Reuse of existing pipelines would require radically lower volumes of hydrogen than natural gas. The energy delivered would be a fraction of natural gas energy due to the physics of the molecules. And retrofitting existing pipelines is a bit expense, as not only the interior needs coating typically, but new compressors, electronics and sensors are required along the length of the pipeline for that lower energy delivery. Building new pipelines is even worse.

Every pipeline for hydrogen study I’ve looked at keeps making the same mistakes of drawing the system boundaries really poorly, or making completely unsupportable assumptions in favor of hydrogen and against HVDC.

Shipping hydrogen in ocean tankers as we do LNG would be at minimum five times the cost per unit of energy as LNG giving hydrogen shipping every benefit of the doubt. And as a reminder, LNG imports are already the most expensive form of energy any country has, and are used only as a last resort to keep the lights on.

If there’s a big geothermal plant in the middle of nowhere, in other words, manufacturing hydrogen with it probably doesn’t make sense compared to transmitting the electricity to demand centers which include places which make hydrogen at point of use.

There might be some cases where manufacturing ammonia fertilizers at a geothermal location makes sense, and if there’s a geothermal location near an iron mine, then manufacturing green iron with the hydrogen could make sense.

What would you say to a trucking company about to invest in hydrogen infrastructure?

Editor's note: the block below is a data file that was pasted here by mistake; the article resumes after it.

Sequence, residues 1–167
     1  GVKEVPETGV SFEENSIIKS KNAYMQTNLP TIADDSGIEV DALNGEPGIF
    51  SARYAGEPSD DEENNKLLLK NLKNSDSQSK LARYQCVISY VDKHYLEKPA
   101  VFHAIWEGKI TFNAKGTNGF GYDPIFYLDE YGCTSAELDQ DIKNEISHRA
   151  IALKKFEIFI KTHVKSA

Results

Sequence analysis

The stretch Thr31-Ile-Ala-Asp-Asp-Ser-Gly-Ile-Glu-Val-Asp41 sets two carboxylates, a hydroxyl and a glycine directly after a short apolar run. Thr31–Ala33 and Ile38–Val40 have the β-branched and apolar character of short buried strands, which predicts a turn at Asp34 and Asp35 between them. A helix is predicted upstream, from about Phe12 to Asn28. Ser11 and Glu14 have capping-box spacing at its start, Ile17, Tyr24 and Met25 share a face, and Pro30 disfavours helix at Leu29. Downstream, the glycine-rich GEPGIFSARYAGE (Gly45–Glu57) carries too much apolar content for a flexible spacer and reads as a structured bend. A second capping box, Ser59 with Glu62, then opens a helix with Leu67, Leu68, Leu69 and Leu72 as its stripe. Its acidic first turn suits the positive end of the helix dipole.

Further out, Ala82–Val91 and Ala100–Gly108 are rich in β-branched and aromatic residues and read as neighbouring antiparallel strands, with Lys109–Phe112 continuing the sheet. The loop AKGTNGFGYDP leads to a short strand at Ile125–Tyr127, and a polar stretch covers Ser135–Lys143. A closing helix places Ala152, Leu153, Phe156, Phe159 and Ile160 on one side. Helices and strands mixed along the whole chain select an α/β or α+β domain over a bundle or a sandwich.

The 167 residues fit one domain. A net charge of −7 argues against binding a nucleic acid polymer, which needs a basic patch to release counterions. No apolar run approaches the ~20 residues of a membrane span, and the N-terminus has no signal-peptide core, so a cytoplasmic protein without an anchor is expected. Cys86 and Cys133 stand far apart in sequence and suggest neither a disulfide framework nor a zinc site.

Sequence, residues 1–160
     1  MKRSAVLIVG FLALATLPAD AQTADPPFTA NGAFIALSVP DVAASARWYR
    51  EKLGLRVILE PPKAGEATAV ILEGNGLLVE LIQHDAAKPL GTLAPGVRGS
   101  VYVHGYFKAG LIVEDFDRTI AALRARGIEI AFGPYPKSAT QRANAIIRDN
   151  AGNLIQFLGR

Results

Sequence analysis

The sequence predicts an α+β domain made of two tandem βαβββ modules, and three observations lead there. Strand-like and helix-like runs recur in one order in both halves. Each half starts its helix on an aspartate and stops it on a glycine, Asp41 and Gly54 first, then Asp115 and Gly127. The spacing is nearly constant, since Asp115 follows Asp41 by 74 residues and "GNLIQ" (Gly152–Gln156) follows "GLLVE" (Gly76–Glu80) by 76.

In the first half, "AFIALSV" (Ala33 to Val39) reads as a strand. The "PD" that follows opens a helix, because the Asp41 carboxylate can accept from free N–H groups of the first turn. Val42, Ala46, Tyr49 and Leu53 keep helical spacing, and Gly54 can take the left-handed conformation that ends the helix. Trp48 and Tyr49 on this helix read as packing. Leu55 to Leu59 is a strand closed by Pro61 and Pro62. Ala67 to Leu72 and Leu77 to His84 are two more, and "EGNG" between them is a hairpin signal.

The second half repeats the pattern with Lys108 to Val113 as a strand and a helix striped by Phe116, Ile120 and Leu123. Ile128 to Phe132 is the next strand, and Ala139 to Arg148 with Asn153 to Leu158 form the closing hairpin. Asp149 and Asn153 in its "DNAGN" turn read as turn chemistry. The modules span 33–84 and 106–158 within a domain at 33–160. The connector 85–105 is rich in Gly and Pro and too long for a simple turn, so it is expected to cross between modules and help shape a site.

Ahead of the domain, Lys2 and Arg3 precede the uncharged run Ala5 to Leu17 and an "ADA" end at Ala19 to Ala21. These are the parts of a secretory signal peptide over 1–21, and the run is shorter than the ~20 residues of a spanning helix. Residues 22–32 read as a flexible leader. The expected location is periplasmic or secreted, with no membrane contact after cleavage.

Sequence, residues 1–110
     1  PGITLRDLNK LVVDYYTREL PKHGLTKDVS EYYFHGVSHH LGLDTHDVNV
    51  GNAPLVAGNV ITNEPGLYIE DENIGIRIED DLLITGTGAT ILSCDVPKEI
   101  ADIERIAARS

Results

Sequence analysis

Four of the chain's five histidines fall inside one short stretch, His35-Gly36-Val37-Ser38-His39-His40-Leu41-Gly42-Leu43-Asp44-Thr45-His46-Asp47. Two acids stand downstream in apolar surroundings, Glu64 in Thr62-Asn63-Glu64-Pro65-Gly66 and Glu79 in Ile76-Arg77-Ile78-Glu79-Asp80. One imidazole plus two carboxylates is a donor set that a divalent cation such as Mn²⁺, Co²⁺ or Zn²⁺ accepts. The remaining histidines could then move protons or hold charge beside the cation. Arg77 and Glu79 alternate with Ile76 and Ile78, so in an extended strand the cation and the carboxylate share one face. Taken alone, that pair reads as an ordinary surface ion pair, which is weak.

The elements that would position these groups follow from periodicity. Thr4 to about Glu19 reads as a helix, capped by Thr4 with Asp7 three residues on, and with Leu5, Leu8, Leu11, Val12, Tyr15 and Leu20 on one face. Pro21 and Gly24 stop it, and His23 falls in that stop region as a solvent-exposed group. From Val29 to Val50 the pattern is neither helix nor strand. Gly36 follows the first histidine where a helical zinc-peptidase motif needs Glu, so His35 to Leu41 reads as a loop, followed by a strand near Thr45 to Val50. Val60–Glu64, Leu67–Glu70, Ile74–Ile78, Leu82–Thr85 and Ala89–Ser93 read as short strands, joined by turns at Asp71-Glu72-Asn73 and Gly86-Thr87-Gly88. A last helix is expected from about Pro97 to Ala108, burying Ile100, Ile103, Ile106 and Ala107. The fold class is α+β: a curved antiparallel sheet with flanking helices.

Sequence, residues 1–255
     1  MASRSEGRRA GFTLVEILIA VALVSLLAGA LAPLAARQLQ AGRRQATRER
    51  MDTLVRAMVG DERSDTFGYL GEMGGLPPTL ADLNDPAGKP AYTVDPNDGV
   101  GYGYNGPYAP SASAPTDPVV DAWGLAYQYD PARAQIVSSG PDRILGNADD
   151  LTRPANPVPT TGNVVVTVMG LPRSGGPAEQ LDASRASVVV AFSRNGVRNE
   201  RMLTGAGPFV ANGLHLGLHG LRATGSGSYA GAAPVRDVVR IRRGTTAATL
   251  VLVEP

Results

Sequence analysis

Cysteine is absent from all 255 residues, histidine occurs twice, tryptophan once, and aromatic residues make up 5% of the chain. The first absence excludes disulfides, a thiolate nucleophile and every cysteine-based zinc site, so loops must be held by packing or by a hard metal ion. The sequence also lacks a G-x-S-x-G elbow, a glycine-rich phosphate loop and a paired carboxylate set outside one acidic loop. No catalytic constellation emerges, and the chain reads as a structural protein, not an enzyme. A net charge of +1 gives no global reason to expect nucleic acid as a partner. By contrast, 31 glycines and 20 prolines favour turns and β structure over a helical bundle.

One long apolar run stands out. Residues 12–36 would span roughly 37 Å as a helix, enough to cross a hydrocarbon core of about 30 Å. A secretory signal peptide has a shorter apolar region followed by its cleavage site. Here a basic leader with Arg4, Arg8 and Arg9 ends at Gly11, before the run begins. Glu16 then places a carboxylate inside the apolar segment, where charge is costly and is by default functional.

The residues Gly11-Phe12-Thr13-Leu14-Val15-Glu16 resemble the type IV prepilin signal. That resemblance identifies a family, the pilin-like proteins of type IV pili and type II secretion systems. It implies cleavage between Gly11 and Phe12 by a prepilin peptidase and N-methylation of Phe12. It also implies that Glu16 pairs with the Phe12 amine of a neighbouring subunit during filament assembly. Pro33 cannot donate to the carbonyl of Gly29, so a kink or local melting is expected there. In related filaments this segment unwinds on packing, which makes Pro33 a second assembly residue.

Don’t do it.

Hydrogen for trucking is a dead end. Battery energy densities that are commercially available today and at high technology readiness levels will provide thousands of kilometers of fully loaded range. Electricity to battery to motor to wheels is at least three times as efficient as electricity to hydrogen to motor to wheels in the best case scenario for hydrogen, so operational costs will always be three times as high. And hydrogen fuel cell trucks are much more expensive than battery-electric trucks, but get no economy of scale advantages from light vehicles, so will never have lower capex costs.

Pay more for trucks. Pay more for energy infrastructure. Pay more for energy. What rational trucking company would want to do that?

I always like to look at examples from around the world where the experiment has already run its course to see what the results are. China has 1.1 million battery-electric buses and trucks on its roads, and under 10,000 fuel cell vehicles. Mining giants Rio Tinto, BHP, and FMG have all come out recently and said that all mining vehicles would be battery-electric.

There’s no future in hydrogen for trucking, so any money a firm puts into it is wasted.